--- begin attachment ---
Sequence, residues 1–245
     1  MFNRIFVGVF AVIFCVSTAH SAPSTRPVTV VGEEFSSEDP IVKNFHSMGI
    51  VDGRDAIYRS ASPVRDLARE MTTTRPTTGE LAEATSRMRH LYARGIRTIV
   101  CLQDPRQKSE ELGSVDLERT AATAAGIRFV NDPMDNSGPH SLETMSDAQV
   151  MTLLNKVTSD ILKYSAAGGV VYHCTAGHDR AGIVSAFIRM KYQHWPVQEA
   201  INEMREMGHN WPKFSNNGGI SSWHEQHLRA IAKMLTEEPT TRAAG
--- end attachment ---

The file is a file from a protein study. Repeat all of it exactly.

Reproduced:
Sequence, residues 1–245
     1  MFNRIFVGVF AVIFCVSTAH SAPSTRPVTV VGEEFSSEDP IVKNFHSMGI
    51  VDGRDAIYRS ASPVRDLARE MTTTRPTTGE LAEATSRMRH LYARGIRTIV
   101  CLQDPRQKSE ELGSVDLERT AATAAGIRFV NDPMDNSGPH SLETMSDAQV
   151  MTLLNKVTSD ILKYSAAGGV VYHCTAGHDR AGIVSAFIRM KYQHWPVQEA
   201  INEMREMGHN WPKFSNNGGI SSWHEQHLRA IAKMLTEEPT TRAAG